Daily (AOy6+, I would love to make time daily for myself too someday soon):
Note: Daily is an ideal, it is not a hard fast rule. In reality, I think it happens about 3x/week.
2-3 sentences and/or sketch - may be a sketch or text only.
May include any of the following:
Add to Bird list*
Add to Animal list*
Add to Plant list*
Note Moon phases
Observe clouds/weather
Observe/record 5 senses

I found this gem on the floor next to my bed.
Yep, that's right where I found him.


If you can get over the heeby-jeebies, this bug can in fact be a source of delight. 
What, you don't believe me? Just look at that shiny, smooth armored covering and the legs that move in a ripple...
 incredible. really.

This is how big. :)

*The Bird, Animal and Plant lists are lists that are maintained on a yearly or lifelong basis. The object must be observed, identified and then listed with the date observed. The list might be kept in a notebook dedicated to the subject or on the last pages of the nature journal. It's a pretty simple matter and doesn't require much thought to begin.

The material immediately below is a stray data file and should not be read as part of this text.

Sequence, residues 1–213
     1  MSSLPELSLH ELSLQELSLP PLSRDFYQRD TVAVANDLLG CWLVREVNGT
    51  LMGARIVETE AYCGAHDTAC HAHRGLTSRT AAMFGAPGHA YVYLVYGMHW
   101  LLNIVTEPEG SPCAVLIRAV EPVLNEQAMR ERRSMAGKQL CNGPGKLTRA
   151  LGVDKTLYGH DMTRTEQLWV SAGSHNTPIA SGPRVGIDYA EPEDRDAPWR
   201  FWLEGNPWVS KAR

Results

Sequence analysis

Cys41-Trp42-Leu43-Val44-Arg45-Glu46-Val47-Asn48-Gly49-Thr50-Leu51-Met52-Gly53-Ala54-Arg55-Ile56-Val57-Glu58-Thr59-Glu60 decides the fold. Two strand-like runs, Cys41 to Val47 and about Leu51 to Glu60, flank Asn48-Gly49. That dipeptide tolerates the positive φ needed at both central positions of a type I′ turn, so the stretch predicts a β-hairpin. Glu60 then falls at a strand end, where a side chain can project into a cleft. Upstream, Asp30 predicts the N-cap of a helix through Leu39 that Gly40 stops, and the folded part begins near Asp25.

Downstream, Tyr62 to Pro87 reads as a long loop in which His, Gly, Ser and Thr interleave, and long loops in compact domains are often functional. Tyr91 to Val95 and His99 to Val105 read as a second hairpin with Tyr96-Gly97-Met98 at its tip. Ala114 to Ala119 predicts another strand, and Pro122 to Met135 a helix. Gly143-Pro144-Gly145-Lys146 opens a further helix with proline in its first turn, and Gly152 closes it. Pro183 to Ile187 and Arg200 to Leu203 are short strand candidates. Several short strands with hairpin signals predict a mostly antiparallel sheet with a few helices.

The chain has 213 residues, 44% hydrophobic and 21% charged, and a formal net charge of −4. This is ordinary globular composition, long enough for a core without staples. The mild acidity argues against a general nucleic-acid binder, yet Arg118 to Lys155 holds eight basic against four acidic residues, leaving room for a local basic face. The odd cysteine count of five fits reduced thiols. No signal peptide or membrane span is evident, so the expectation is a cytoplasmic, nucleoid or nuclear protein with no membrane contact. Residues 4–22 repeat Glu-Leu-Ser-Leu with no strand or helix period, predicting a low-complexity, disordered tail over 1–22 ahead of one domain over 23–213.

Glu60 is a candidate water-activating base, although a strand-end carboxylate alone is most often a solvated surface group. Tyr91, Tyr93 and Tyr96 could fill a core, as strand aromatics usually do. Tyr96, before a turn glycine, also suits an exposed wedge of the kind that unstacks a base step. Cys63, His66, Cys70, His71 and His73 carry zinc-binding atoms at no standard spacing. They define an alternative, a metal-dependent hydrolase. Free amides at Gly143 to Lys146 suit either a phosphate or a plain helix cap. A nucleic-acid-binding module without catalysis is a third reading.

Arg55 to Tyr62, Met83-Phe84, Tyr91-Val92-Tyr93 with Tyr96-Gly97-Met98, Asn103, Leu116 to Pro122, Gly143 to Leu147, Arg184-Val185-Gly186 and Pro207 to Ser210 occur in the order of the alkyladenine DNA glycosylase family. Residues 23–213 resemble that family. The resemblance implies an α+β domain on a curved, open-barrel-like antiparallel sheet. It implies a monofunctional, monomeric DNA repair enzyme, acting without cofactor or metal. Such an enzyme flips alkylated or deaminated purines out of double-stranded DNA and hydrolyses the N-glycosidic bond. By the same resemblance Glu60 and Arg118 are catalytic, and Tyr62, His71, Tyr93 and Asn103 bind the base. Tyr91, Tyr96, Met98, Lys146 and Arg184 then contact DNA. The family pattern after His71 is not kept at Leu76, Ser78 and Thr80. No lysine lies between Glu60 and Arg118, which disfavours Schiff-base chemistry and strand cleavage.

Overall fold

Link up:
Feel free to link up your nature study posts here in the comments!
Please snag a button and include it and a link in your post if you don't mind... that way more people can find us and join us here. :)

Monday, July 2, 2012

Nature Study Monday: Insect Pests

Tarapoto is in the Rupa-Rupa (never fear, I hadn't before heard that word either until I googled 'high jungle' which is what it means here in Peru). Here in the high jungle tropics we have lots and lots of bugs! We have pretty bugs and ugly bugs. There are harmless ones and scary ones. We have bugs that flitter, scurry, buzz, bite and burrow. There are bugs inside the house and out (thankfully, mostly out). Matter of fact, when it comes to bugs, you name it, we've probably got it. :)

We've had LOTS of fun discovering the wide variety of bugs in our area simply by looking around, you can't miss them. There are so many, that I often (weekly?) see a kind of bug I've never seen before! Seriously.

Most of the bugs that live inside our house I consider pests. Ants, centipedes, mosquitoes, flies, weevils, cockroaches and woodboring beetles are all particularly pesky pests. Non-scary looking spiders are the one exception... they have a job to do, you know. Scary spiders are those with bulky limbs or that are hairy or larger than I feel is reasonable; obviously, scary is a relative term.